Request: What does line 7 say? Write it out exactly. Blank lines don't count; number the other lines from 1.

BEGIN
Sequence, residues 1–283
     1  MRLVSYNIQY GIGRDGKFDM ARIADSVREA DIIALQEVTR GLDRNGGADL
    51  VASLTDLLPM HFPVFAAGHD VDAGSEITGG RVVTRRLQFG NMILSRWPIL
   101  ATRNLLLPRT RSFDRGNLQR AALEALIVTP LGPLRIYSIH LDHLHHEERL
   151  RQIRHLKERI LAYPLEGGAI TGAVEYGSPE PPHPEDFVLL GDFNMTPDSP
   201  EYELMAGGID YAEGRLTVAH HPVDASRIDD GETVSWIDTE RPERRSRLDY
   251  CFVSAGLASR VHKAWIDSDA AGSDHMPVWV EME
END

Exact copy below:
   251  CFVSAGLASR VHKAWIDSDA AGSDHMPVWV EME